CRISPR Processes Patents in Green Biotechnology
Intellectual Property Licensing Platforms and Clearing Houses
Dr Agnès Ricroch, PhD, HDR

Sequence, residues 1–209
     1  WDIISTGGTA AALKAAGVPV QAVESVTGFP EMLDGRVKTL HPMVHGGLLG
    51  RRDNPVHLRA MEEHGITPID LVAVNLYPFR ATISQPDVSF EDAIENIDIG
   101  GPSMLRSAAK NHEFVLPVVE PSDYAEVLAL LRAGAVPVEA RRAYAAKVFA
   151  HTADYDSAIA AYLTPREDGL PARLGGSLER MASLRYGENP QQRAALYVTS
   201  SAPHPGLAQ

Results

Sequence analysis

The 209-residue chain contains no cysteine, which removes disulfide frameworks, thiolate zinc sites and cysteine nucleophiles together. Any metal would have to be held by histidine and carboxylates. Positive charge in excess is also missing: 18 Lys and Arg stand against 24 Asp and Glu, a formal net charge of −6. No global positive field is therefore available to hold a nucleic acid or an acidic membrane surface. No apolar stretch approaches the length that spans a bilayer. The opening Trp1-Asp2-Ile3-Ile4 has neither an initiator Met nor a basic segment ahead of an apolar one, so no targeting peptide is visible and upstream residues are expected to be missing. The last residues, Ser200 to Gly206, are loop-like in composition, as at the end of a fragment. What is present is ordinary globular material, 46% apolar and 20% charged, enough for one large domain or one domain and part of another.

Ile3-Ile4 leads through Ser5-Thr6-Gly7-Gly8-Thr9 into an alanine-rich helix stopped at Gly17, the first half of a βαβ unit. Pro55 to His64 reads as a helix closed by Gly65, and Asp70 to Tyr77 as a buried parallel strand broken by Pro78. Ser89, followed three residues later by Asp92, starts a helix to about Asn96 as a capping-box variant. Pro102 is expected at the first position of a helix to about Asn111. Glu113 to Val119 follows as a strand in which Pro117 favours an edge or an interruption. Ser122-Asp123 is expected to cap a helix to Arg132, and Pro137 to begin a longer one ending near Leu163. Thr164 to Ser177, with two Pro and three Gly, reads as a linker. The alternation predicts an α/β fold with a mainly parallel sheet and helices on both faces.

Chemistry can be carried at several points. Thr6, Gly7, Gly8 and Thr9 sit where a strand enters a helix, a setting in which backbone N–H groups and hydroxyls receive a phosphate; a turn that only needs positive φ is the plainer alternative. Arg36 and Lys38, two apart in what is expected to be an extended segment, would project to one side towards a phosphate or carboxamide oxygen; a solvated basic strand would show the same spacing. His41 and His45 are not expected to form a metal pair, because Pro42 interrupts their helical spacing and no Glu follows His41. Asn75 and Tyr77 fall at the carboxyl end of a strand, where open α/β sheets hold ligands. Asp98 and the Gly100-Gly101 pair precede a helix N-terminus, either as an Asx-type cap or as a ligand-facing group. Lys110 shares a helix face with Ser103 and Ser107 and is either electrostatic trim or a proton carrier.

A strong patent system is necessary to enable innovation by incentivising investments in R&D and promoting the dissemination of knowledge, including through licensing, as this is considered vital for the development and commercialisation of new products. The new genomic techniques (NGTs) defined by the EU in 2021 include Clustered Regularly Interspaced Short Palindromic Repeats (CRISPR) which can selectively modify DNA sequences in a genome. EU, private companies and SMEs see the benefits of strong patent protection for NGTs and NGT products as a prerequisite for innovation due to the high costs of research and development. More than 11000 CRISPR-related patent applications have already been filed worldwide, with the majority being filed in USA and China. The proliferation of patents on CRISPR for green biotechnology applications and the dispute between two of the technology's inventors (UC Berkeley and the Broad Institute of MIT, USA and their surrogates) could be barriers to innovation. The profusion of CRISPR patents has raised concerns that it could result in a patent thicket: a set of overlapping patent rights, requiring those seeking to commercialize a new technology to obtain licenses from multiple patent holders. Alternative licensing models may overcome the difficulties created by the complex patent landscape of CRISPR technology. Patent pools and clearing houses are a promising approach. Some such platforms could lead to a one-stop licensing point allowing cross-licensing and facilitating freedom to operate. The possibility of identifying patents in a profusion of patents could avoid economic losses by accelerating technological progress. When access and use to a certain technology are hindered by the existence of multiple patents, a patent pool could be a useful model to facilitate access and reduce potential litigation risk. With a single licensing package, any potential licensee will have the ability to use the technology platform. The package of intellectual property rights (IPRs) is licensed on a non-exclusive basis, allowing many companies to enter the market, creating a commercial ecosystem that has strengthened innovation, and licensees to benefit from affordability and freedom to operate, while providing licensors with adequate royalties. The patent pool is built around the voluntary inclusion of key and specific IPR holders. “Key" patents are those that have no economically viable substitute; a party needs a license to use the IPR. Key patents are those for which the application is general, such as a technique that applies to all genomes. “Specific" patents are those for which the application is specific (such as a modification of a genetic sequence for a given trait in a given species). The platform could require broad “target-agnostic” patents that do not require a specific genome for better access to plant genetic resources. The public sector plays an important role in fundamental research and is a substantial source of IP in agricultural biotechnology. Fundamental CRISPR patents, such as patents covering research tools, developed with public funds operating in the public interest, and enabling a broad range of downstream research, should be disseminated as widely as possible while addressing ethical concerns about particular applications. A CRISPR patent pool depends on the willingness of a sufficient number of IP owners to join the pool to ease licensing burdens and costs. The platform will take off in a big way when a major company announces that it will join the patent pool. The ACLP, a clearing house, can be mentioned as a solution for products produced by the CRISPR technology for the plant breeding in the agricultural sector in Europe. The platform should be a low-complexity platform that lawyers and breeders are familiar and comfortable with.